Salama sat at her desk mindlessly staring at her laptop during her Zoom class on global warming, half present, half daydreaming. She was somewhere in between noticing the professor’s lips moving and actually hearing what he was teaching. Her surroundings seemed foreign. What was she even doing here in a tiny room on the sixteenth floor with huge windows that never quite opened? Rubbing her hand around her arm to ease the goosebumps, she was reminded of how the place lacked any warmth. She wondered how she’d gotten to this place where she saw a lot of things but had access to nothing or how she had to hug her goosebumps away. She was having a mini existential crisis of sorts, pondering why she’d craved this reality, aspired to it even.
She’d been having many of these mini-episodes lately; her therapist had described them in many words but 'mini' wasn’t one of them. But again, Salama, being a daughter of Africa, had been in denial about the magnitude of the impact these episodes had on her well-being. Neoh, her therapist, had said they were a result of trauma which might have been caused by the horrendous videos she had seen online before her arrival to the West. After the George Floyd killing, Salama had decided to do some “research” on race-related crimes on Black people and since then it had never been the same. She’d found it harder to breathe whenever she was overwhelmed. Whenever her mind was running circles of worry, stress, or as she’d dismissively put it, a mini-episode, her heart would pound against her chest, sometimes loud enough to make her ears ring. Then it happened: she started by placing her hand on her chest to make sure it wasn’t just in her head, then she felt as though someone was pressing down on her trachea — she needed to breathe but she couldn’t. She found herself scrounging for air as though it were a competition and there wasn’t enough to sustain herself.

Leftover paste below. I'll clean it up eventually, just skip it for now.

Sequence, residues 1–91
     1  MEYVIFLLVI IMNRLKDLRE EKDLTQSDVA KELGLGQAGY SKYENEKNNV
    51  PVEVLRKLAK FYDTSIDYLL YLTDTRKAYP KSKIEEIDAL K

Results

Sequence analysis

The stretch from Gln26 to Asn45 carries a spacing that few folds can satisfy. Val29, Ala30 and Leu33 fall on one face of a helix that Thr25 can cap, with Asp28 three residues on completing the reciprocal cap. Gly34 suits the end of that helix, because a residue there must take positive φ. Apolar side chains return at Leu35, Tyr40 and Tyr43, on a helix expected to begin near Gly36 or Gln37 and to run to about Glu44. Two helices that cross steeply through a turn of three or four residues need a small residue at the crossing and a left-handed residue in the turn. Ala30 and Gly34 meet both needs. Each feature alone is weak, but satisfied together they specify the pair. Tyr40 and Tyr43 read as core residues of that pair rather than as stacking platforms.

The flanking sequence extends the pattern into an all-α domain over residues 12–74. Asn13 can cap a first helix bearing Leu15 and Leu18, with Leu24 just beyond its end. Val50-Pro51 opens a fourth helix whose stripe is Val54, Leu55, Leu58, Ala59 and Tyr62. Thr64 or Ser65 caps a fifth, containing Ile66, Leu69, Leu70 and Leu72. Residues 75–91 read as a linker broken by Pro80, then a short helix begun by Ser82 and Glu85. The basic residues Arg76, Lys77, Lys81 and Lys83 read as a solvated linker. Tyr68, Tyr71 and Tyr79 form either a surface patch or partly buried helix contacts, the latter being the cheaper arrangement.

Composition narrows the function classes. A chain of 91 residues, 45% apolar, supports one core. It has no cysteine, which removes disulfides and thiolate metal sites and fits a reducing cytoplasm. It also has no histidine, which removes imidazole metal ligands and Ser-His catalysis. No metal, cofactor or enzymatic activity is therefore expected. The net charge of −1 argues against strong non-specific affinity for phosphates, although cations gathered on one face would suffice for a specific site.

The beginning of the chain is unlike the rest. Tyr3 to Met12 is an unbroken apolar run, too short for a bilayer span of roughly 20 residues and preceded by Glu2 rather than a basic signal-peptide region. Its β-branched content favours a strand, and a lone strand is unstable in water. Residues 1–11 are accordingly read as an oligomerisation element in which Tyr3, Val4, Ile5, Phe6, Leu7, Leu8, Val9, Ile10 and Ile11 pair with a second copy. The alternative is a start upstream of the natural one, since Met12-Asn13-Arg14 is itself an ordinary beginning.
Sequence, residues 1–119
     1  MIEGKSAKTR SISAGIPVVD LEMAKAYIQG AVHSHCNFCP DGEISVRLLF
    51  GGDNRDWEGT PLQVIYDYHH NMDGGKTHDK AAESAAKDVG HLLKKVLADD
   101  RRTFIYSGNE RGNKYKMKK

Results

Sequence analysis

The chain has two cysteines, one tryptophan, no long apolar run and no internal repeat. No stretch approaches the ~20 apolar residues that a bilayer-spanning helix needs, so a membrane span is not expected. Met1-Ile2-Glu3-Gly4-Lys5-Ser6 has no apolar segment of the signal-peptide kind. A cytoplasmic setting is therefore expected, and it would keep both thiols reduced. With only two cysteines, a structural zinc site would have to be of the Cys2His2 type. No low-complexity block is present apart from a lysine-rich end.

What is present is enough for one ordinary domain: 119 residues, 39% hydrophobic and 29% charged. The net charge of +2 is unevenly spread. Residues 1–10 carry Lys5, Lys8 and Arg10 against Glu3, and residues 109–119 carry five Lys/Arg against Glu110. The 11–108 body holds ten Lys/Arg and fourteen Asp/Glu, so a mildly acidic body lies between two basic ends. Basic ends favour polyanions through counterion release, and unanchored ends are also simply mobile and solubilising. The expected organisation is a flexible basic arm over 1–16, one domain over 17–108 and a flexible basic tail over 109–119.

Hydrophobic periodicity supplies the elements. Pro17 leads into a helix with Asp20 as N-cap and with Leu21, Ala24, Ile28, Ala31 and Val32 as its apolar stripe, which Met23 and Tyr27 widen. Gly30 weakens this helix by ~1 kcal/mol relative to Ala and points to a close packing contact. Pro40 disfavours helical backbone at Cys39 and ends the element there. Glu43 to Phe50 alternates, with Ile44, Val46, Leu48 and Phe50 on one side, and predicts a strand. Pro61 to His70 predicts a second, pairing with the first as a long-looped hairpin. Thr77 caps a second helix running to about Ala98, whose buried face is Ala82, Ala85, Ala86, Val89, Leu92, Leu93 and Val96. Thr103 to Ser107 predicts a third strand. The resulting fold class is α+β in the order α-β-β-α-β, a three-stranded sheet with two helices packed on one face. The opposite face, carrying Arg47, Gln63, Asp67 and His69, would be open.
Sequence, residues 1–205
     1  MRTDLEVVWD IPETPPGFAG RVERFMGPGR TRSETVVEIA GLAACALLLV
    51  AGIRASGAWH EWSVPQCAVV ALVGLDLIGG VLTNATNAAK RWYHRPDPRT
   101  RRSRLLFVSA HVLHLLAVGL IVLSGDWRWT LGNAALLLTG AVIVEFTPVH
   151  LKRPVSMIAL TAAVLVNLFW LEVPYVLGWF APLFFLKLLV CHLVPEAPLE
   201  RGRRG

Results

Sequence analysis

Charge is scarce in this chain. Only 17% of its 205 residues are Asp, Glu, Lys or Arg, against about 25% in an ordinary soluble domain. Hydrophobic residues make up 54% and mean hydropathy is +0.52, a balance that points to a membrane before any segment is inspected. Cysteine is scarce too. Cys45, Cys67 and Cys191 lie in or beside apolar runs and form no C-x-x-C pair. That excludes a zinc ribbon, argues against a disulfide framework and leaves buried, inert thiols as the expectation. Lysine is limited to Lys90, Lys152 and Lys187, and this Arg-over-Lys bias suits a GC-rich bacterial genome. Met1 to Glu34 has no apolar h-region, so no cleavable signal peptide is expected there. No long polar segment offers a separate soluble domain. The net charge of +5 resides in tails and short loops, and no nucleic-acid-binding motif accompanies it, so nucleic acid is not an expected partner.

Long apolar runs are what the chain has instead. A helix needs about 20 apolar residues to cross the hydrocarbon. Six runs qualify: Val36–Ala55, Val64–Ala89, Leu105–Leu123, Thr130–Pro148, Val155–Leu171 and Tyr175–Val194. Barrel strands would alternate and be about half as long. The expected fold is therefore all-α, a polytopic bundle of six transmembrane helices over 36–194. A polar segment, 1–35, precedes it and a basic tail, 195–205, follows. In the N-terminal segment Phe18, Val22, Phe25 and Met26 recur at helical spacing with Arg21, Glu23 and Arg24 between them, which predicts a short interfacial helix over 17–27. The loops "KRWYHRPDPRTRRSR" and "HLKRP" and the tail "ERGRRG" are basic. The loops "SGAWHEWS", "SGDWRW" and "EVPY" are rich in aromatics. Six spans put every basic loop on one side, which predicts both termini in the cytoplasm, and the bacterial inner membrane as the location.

That is what it had felt like three months ago. Today, however, she recalled the mindful breathing mantra that her therapist had taught her to keep herself “grounded.” Salama closed her eyes, palms on her laps, took a deep breath in and exhaled. On her third exhale she opened her eyes to a new environment.
Her Zoom class had been swapped with a pile of Valentine’s presents on a table in her homeroom back in high school. During this bright, clear Friday, she began organizing where each of the gifts had to be delivered, taking care not to wrinkle the delicate tags. She had just finished her presidential duties and was opening her locker to grab her books for her last class of the week. She couldn’t wait to catch up on sleep when she was met with the scent of a rose and the relaxing scent of an oud candle. Eyelids shut, she inhaled the intoxicating scent. When she opened her eyes, she was at a restaurant having dinner. She took stock of her surroundings. She was seated across from her mentor Tumaini and Tumaini’s sister Tuli and husband Baraka had also joined them. The group was sharing a ribs platter.